The Politics of Economic Activity. An Analytical Framework
The approach presented below builds upon, but also departs from, a wealth of literature on the economic and how it is structured by institutions. As we saw in chapter 1, particular emphasis has rightly been placed by many other authors upon the role played by these stabilized rules, norms, and conventions within markets, public policies, and interest representation. However, this literature also features a number of weaknesses, many of which stem from underspecification of ‘the politics of institutions’—a term constantly evoked but rarely used as an analytical tool. The challenge is therefore to build an alternative approach to studying the institutions that structure economic activity assembled around a definition of politics that is precise, heuristic, and capable of guiding rigorous empirical research.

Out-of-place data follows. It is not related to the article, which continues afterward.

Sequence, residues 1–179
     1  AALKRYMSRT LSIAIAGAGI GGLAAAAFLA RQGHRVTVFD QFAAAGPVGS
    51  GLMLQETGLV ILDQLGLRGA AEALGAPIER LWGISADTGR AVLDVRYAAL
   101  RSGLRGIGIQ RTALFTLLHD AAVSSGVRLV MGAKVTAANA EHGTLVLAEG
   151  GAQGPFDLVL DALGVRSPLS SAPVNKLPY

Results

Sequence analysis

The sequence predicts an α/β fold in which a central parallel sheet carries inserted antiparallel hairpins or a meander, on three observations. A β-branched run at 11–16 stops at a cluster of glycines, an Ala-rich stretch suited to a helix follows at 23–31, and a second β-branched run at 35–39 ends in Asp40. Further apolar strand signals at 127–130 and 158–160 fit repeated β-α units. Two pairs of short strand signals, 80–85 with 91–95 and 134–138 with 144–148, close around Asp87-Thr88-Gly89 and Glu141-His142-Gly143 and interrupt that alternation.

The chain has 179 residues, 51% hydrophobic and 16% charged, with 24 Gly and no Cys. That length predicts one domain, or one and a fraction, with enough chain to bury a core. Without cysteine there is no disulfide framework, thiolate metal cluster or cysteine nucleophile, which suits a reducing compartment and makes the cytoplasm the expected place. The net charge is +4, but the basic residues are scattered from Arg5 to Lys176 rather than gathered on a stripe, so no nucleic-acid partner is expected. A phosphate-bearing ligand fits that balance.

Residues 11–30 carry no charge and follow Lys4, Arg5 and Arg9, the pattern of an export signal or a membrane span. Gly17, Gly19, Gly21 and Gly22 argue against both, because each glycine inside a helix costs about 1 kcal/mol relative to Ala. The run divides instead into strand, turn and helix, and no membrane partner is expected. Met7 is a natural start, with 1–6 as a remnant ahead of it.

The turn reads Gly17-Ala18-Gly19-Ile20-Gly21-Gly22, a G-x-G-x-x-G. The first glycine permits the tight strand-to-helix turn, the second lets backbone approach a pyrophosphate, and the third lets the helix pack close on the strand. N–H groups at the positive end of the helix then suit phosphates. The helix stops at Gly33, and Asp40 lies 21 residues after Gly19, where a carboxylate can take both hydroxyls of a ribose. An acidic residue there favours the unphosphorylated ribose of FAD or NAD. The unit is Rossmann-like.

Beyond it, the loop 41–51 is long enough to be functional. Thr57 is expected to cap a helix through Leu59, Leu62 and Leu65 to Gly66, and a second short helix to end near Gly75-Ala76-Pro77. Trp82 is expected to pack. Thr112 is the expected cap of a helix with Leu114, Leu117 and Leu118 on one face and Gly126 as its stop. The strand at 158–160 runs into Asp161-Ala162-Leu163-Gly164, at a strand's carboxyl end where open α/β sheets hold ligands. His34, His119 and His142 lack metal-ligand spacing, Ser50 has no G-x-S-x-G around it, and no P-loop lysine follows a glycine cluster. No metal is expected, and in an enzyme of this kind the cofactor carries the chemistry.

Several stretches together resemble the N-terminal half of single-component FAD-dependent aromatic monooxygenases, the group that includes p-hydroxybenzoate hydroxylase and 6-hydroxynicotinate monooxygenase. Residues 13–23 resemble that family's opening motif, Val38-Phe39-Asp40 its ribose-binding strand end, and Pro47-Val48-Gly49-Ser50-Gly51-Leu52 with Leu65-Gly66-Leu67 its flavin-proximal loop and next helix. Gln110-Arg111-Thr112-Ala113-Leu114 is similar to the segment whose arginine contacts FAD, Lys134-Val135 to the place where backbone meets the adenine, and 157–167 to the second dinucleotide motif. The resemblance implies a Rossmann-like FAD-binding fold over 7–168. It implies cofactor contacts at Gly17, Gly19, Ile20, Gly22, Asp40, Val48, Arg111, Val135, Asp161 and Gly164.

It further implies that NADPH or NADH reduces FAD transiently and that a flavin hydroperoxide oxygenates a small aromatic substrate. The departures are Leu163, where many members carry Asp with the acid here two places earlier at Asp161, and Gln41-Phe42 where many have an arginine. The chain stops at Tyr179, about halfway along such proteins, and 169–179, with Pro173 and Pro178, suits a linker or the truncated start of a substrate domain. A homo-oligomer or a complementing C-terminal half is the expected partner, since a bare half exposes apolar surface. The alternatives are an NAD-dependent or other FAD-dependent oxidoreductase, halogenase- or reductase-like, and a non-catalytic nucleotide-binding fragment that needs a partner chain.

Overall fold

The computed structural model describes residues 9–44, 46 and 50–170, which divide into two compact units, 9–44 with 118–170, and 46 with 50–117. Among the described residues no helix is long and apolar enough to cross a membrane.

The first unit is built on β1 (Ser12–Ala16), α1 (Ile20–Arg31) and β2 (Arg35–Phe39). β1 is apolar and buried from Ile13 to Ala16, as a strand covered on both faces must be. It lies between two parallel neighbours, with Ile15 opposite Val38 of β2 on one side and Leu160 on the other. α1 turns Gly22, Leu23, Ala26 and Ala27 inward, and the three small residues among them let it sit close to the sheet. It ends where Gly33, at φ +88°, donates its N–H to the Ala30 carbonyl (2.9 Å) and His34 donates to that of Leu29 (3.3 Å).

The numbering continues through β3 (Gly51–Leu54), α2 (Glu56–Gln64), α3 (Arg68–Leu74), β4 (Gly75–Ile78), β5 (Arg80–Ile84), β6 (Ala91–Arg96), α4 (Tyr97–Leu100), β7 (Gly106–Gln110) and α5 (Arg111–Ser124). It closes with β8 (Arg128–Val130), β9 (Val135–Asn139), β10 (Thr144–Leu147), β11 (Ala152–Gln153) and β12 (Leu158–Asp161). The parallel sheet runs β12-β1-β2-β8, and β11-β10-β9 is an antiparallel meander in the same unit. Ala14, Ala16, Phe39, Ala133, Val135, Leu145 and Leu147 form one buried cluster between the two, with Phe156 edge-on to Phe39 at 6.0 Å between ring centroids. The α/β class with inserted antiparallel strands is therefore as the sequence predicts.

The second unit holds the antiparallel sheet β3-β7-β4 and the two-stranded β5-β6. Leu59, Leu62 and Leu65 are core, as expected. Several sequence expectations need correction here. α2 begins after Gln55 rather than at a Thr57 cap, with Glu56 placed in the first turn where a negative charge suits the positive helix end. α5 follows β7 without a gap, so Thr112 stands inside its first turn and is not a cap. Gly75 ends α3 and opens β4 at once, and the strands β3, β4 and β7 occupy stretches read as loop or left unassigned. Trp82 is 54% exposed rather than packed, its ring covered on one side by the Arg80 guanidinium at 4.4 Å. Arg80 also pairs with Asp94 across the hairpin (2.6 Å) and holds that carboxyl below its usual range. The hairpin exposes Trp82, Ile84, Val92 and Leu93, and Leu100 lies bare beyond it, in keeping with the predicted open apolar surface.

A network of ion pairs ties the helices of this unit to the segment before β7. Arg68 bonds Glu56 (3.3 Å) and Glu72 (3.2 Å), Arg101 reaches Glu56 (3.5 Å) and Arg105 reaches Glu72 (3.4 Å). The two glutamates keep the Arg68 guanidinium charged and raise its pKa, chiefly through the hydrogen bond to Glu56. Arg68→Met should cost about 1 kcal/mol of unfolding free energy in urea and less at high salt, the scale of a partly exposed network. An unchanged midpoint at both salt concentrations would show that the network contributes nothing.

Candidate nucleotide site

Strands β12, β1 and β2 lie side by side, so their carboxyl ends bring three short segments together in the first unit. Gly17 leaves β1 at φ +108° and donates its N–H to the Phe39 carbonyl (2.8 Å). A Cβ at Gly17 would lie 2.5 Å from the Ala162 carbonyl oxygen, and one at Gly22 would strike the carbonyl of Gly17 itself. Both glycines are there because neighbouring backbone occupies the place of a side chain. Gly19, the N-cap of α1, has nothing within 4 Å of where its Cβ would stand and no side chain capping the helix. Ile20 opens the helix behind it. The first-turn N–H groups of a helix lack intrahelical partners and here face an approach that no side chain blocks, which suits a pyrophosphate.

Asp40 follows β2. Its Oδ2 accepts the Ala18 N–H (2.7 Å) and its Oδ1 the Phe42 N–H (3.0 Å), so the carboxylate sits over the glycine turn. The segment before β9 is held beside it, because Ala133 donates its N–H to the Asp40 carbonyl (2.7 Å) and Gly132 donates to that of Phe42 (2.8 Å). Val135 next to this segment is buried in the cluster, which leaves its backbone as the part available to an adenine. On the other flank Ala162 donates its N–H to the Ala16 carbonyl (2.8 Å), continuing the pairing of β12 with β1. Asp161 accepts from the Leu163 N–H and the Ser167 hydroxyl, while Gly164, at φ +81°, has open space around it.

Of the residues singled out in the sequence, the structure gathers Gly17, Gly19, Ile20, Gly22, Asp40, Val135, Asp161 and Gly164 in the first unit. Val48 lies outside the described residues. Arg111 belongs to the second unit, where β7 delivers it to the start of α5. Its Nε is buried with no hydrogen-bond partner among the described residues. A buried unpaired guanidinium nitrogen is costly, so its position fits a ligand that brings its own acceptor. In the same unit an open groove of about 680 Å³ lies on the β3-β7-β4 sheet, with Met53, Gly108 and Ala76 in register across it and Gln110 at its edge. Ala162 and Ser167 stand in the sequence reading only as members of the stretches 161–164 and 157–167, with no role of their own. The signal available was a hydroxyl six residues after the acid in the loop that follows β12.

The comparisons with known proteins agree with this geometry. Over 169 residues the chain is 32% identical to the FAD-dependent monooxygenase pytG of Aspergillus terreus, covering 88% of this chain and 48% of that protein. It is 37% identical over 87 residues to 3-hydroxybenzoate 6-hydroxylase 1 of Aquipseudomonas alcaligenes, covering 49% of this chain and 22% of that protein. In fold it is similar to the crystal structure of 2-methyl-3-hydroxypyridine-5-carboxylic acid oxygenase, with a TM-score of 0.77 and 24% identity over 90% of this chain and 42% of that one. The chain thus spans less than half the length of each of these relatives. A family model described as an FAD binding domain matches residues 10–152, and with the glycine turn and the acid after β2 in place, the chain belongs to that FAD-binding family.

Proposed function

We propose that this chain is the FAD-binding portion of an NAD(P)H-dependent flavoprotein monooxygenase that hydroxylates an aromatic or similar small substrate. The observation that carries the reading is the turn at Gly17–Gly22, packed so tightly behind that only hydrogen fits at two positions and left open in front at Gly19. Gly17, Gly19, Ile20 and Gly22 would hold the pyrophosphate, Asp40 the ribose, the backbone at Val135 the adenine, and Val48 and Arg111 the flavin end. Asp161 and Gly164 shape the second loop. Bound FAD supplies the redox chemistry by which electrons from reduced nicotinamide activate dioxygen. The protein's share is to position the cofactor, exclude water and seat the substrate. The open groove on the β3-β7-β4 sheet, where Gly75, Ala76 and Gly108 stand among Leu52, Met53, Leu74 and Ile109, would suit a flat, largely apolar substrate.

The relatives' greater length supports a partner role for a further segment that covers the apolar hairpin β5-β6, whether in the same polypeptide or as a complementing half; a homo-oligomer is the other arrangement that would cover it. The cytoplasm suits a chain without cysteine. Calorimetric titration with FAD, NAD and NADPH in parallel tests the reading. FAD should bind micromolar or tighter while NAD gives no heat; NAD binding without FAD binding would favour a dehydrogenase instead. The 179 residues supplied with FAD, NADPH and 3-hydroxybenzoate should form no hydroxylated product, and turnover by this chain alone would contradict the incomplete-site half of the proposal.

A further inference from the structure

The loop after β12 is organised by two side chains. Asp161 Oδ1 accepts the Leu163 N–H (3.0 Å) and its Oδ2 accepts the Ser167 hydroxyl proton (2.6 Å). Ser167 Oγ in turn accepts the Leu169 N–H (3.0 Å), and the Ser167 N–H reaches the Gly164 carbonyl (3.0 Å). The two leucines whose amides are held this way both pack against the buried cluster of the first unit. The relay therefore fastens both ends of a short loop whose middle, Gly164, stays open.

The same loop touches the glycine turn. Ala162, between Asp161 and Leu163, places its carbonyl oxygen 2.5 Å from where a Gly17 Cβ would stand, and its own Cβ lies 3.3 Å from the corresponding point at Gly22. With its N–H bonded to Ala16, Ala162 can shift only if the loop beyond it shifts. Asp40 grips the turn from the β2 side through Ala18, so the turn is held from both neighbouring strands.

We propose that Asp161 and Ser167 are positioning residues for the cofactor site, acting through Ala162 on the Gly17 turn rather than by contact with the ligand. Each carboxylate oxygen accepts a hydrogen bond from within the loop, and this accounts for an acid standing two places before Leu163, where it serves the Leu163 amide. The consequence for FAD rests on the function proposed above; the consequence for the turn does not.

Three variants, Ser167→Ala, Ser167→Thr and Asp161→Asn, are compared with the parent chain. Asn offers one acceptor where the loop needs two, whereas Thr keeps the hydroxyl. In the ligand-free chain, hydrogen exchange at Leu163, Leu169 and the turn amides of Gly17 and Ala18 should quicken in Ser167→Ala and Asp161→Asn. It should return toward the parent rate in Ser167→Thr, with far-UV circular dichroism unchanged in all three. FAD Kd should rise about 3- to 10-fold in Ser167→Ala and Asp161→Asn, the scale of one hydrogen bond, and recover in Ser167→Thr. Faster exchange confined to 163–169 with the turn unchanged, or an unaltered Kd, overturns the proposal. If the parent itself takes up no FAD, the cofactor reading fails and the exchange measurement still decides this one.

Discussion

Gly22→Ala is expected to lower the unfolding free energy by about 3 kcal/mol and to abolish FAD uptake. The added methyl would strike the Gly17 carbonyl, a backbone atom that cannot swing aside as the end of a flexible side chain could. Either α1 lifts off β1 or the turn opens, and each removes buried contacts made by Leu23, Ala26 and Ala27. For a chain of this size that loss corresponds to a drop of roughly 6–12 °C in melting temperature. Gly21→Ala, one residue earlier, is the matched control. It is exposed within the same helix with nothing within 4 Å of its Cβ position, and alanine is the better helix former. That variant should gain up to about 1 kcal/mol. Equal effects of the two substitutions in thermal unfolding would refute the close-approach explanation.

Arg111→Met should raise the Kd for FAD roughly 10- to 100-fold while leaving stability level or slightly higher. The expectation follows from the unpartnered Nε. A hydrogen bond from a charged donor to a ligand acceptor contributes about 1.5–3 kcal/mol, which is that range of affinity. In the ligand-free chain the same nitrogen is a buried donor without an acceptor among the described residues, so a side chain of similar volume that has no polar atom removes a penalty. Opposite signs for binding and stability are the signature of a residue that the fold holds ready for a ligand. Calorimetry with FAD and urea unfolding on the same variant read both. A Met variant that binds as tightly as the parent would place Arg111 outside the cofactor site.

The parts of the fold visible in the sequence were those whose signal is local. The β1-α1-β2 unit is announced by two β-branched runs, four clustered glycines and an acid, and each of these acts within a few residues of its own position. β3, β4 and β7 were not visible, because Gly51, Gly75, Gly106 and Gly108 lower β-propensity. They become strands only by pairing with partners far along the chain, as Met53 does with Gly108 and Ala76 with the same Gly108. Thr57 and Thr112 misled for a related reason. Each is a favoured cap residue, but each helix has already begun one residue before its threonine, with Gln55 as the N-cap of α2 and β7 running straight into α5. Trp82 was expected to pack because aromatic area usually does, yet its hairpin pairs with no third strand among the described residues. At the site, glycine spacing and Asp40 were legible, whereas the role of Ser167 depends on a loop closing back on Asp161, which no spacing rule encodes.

Drawing heavily upon constructivist and sociological approaches to political science (Jobert & Muller, 1987; Abdelal, Blyth & Parsons, 2010; Hay, 2015), as well as lengthy collaborations with industrial economists (Jullien & Smith, 2008a, 2011 & 2014), this chapter sets out a generic approach to the governing of economic activities designed to equip research with theory- driven acceptance of both the economic and politics. Above all, the aim is to define a precise line of questioning which coherently and consistently melds these definitions together. Upon this solid base, I then present a central hypothesis concerning what constitutes the politics of this government. Finally, by developing the concept of ‘political work’, causal claims will progressively be developed. In so doing, the approach to economic activity outlined in the introduction to this book will be fleshed out by presenting more fully the following definition of politics: the mobilization or suppression of values to change or reproduce institutions. Throughout, empirical illustrations from research on the politics of the whisky industry will be repeatedly mobilized (Smith, 2009, 2010b). Beyond the necessarily brief empirical data presented here, the first objective of providing concrete examples from a relatively accessible area of economic activity is to begin familiarizing the reader with my analytical framework. The more fundamental aim, however, is to promote the very way of thinking about the politics-economics nexus that my framework advocates in this chapter, before being applied more fully to other empirical cases in those that follow.